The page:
The same sentiment goes for the machining and manufacturing industry. Combining functionality onto one machine can dramatically improve your machining process and allow for incredible ROI.
Multitasking machines have the following functions and capabilities:
- Helical milling
- Laser Hybrid
As their name would allude, multitasking machines are truly the epitome of productivity. When you combine several functionalities into one machine, you’re significantly reducing setup times, as well as human error, by completing the part in one operation.
After they became established, multitasking machines evolved from turning centers with limited milling capabilities, to machines that incorporated a Y-axis, sub-spindle, ATC, and B-axis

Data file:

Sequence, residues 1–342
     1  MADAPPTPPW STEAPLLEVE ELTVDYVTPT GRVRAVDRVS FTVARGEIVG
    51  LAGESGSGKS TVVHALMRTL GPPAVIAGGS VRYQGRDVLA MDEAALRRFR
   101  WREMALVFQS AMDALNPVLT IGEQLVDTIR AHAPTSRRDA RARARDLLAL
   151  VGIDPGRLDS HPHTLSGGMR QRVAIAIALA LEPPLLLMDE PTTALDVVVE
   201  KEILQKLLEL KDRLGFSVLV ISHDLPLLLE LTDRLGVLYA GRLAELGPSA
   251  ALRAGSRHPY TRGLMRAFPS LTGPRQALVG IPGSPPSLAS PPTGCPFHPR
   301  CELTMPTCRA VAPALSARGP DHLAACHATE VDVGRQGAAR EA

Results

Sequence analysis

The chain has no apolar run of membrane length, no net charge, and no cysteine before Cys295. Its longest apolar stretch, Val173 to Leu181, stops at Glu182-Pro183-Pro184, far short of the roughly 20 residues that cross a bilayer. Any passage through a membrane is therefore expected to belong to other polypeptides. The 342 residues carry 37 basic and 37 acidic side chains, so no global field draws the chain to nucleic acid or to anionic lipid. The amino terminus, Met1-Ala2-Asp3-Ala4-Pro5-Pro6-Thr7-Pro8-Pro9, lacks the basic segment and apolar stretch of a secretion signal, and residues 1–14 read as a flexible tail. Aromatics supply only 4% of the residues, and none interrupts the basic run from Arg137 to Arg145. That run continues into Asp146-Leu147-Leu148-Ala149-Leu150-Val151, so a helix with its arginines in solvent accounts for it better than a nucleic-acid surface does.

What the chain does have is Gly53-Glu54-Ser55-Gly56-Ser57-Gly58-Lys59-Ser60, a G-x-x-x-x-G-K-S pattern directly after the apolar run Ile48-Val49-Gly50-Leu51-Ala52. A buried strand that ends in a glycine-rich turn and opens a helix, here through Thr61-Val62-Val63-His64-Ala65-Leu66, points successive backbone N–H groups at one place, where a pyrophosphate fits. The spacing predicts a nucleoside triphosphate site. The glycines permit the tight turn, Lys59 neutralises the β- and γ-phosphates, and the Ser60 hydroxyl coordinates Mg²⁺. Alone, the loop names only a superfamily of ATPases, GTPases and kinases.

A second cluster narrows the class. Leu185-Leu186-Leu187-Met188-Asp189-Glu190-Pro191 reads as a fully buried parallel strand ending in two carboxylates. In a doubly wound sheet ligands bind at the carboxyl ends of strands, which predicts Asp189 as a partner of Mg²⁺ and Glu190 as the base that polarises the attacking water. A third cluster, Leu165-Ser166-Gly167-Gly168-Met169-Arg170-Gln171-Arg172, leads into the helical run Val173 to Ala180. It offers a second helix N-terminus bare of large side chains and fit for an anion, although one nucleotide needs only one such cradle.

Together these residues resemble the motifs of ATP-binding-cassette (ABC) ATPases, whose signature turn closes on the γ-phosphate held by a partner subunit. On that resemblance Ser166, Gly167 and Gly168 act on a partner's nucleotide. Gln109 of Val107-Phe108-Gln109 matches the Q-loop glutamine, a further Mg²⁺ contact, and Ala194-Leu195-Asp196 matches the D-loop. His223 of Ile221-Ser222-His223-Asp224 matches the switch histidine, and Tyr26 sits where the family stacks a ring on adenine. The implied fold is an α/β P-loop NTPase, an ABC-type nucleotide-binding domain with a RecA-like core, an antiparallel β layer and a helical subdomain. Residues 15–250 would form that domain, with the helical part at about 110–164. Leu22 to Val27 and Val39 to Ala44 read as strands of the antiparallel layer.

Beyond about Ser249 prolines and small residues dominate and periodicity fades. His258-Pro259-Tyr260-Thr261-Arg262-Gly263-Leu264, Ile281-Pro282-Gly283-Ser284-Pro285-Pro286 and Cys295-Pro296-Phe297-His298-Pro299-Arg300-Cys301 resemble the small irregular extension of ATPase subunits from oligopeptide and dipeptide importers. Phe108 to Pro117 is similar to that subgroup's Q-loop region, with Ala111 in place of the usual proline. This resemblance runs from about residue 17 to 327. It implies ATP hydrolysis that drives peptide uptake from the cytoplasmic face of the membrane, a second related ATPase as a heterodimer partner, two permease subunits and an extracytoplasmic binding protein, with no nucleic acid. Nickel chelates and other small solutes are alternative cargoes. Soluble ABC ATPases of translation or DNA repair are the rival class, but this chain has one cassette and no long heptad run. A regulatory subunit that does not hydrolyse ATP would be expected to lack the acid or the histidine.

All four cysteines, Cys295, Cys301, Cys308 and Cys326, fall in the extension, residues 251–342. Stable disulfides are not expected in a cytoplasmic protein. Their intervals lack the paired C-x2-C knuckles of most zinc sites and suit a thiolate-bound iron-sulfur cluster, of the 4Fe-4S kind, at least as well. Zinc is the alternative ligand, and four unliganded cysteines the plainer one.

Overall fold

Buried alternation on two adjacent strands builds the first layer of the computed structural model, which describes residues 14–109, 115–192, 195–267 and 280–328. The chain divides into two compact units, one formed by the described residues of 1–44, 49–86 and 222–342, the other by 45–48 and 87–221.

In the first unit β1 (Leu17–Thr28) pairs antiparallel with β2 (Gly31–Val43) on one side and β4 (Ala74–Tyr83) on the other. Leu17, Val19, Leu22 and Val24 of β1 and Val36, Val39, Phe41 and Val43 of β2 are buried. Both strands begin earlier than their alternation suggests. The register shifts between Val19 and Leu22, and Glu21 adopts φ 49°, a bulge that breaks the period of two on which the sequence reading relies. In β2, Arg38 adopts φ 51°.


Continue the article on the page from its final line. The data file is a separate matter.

As multitasking machines entered the market, they developed an intimidating reputation. And considering all they can do, it’s not a surprising conclusion. Luckily, the development of multitasking technologies and user-friendly controls has helped take away some of the intimidation factor and today there are many more safeties built in, such as the standard Collision Avoidance System (CAS).
Once they were comfortable running the MULTUS, their shop went from three parts a day to nine parts a day.
While your shop’s parts and goals are important, the true key to getting the most out of your multitasking machine is having a well-trained team that is ready to embrace the machine’s functionalities, as well as utilize its specific controls and technologies.